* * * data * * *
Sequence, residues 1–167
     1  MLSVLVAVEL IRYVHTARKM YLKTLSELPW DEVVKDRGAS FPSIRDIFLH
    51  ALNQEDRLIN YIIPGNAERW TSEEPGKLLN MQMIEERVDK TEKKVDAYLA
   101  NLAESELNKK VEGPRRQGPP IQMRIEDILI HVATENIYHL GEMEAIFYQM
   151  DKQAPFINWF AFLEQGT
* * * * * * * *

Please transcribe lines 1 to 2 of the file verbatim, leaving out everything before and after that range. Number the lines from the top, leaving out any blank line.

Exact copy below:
Sequence, residues 1–167
     1  MLSVLVAVEL IRYVHTARKM YLKTLSELPW DEVVKDRGAS FPSIRDIFLH